In a fearless and impassioned quest for the truth, our year 10 geographers ventured into the wilds of Exmoor, determined to uncover the holy grail of river secrets by unearthing out what factors influenced its velocity. Enduring such sacrifices as being without phone signal for several hours, our elite team of students poked, prodded and provoked the River Holford from every imaginable angle until at last it succumbed to reveal its innermost behaviour. We eventually found out that the Holford’s velocity did increase significantly as it flowed downstream, much to everyone’s shock and surprise. After all, the slopes become much less steep as we went downstream, so this seemed to confound all logic. After several more hours of problem solving and number crunching the students think they might have cracked this riddle. I cannot reveal the answer to you, as you would have to take GCSE geography to be privy to that kind of information, but suffice it to say that the hydraulic radius seemed to be at play.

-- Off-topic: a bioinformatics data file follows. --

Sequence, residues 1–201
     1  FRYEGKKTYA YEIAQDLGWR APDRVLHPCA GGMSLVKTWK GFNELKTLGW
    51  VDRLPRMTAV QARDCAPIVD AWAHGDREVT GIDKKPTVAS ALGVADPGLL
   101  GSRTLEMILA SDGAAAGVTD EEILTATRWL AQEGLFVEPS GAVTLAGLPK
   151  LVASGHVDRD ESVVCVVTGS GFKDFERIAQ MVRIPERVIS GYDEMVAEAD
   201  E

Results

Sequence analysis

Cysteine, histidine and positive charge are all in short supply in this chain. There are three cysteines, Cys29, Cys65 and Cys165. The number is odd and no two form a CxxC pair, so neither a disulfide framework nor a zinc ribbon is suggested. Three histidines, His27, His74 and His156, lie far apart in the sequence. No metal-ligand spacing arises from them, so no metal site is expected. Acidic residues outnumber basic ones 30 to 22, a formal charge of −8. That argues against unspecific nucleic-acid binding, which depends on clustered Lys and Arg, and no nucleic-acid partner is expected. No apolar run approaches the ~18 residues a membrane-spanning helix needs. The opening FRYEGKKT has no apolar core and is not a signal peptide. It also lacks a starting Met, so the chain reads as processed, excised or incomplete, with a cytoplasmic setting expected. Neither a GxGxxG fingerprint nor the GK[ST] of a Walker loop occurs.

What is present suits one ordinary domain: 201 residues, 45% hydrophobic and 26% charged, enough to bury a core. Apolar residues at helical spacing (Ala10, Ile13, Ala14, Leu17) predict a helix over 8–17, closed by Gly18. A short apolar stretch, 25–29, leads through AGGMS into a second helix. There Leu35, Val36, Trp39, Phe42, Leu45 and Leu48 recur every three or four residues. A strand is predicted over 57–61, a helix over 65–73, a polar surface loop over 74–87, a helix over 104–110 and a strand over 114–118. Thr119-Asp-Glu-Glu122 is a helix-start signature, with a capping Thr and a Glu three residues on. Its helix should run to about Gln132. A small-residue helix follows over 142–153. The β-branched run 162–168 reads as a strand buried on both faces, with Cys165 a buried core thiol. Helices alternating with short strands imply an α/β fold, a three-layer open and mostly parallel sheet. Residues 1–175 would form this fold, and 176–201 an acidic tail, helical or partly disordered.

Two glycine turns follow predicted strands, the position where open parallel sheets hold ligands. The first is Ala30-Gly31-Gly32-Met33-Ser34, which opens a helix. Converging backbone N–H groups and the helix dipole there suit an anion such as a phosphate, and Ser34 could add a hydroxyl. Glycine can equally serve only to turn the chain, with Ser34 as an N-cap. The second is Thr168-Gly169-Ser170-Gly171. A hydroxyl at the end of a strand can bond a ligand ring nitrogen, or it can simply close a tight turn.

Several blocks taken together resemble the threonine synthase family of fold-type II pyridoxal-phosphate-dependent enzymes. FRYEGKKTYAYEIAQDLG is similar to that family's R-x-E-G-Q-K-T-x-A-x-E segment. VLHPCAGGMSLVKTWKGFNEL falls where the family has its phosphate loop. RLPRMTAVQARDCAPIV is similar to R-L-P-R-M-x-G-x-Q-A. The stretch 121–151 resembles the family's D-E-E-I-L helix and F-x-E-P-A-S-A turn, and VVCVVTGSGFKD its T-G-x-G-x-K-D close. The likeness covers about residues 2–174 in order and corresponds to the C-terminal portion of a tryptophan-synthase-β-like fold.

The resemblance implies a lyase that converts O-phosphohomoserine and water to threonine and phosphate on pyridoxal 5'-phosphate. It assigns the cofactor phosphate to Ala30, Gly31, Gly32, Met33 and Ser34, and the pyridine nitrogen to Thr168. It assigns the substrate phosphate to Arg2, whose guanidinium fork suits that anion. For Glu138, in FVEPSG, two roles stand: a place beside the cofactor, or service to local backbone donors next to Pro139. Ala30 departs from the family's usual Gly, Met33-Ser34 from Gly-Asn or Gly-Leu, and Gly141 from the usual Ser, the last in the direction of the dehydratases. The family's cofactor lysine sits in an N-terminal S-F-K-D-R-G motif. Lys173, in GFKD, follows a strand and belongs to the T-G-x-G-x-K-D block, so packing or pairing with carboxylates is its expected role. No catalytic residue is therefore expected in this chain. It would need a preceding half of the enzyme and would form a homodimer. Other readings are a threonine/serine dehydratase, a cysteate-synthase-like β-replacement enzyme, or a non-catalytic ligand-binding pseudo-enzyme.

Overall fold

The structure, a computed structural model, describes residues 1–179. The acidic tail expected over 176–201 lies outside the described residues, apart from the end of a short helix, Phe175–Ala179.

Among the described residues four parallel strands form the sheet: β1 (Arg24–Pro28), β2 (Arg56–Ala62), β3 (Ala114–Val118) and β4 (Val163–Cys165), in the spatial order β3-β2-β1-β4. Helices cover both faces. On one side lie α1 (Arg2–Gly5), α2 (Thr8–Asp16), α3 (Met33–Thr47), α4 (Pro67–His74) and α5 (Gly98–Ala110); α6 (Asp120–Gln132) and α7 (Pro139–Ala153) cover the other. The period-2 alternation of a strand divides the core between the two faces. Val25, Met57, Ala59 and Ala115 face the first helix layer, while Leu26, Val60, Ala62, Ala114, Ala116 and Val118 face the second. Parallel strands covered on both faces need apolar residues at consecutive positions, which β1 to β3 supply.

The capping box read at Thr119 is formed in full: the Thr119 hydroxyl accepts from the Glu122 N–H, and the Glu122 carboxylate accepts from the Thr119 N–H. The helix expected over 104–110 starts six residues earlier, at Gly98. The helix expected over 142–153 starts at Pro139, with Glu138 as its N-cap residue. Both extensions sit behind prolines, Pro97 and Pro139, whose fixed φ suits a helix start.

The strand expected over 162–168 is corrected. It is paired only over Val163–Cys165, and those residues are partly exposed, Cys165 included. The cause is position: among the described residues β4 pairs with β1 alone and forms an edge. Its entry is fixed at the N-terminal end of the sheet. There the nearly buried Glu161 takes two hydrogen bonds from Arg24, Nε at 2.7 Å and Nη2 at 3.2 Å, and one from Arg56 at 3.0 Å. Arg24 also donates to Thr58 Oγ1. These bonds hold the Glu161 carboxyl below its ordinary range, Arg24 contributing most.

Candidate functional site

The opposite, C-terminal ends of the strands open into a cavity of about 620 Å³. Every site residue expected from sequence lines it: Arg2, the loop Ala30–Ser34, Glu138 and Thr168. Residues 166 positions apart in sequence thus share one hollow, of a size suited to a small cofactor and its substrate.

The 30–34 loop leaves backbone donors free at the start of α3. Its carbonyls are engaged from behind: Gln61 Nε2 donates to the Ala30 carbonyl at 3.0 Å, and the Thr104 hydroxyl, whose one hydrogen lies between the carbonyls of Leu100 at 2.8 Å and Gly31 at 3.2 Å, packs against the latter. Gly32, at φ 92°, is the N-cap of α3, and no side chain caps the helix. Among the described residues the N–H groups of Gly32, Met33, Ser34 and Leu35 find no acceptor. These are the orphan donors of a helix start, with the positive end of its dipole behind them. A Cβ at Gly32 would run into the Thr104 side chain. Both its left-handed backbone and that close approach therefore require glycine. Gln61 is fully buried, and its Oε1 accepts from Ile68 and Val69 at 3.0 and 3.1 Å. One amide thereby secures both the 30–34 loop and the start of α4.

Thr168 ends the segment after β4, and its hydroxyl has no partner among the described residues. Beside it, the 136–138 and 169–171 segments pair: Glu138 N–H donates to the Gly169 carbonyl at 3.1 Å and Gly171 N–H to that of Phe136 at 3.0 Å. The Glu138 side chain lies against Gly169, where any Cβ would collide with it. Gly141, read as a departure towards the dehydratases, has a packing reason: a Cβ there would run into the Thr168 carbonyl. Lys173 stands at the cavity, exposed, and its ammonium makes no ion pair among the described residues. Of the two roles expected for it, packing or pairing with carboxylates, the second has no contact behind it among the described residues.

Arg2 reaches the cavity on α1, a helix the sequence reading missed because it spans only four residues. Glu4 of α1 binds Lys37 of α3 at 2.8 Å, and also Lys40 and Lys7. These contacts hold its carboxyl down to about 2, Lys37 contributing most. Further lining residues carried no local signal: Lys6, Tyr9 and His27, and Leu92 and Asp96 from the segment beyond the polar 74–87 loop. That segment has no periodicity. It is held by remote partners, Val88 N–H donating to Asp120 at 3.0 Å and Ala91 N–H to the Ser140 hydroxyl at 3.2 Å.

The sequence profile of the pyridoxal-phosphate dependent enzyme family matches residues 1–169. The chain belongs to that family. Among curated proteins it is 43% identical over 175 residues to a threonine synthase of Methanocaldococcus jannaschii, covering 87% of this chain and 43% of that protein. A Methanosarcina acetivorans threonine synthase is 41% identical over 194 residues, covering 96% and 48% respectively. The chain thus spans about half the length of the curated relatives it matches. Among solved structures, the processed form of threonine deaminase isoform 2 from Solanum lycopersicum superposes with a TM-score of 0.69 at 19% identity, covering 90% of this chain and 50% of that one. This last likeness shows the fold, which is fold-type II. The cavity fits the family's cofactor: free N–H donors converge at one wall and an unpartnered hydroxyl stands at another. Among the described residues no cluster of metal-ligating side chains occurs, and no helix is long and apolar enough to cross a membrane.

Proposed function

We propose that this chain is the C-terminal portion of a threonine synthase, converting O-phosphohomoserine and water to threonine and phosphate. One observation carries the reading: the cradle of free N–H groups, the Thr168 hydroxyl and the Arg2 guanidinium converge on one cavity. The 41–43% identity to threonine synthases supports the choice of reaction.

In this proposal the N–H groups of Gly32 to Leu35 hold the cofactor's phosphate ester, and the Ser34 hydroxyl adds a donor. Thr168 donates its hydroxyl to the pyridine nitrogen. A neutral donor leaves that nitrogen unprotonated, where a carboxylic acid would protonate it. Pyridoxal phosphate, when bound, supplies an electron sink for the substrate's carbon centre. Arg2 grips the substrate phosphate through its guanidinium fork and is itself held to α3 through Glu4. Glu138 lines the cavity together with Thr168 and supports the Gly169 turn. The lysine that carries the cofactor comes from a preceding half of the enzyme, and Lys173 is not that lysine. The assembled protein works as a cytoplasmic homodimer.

This valiant endeavour was all part of the year 10 GCSE fieldtrip. The trip was based in a Field Study Centre called Nettlecombe Court. This beautiful manor house is set within a valley of stunning rolling hills without another house or road in site. It is within the Exmoor dark skies zone, where the low light pollution means you get wonderful views of the night sky.
Following our river adventure the students tucked into some freshly baked brownies back at the field centre and started preparing for the next study. On the second day the students evaluated how well we were managing the coastal flooding at Minehead. This small tourist town has recently spent over £12 million on a wide array of dramatic coastal defences, including several kilometres of sea wall and vast rock boulders placed along the sea front. After a dry start to the day a short rain storm washed inland, forcing our group to take shelter in the nearest café for a quick Oreo chocolate milkshake and cake until it passed. After that we were all highly motivated to interrogate the unsuspecting people of Minehead about their views and experiences on coastal flooding. Overall the trip was a great success and the students all showed true Royal High spirit and they sang and marched their way through their fieldwork.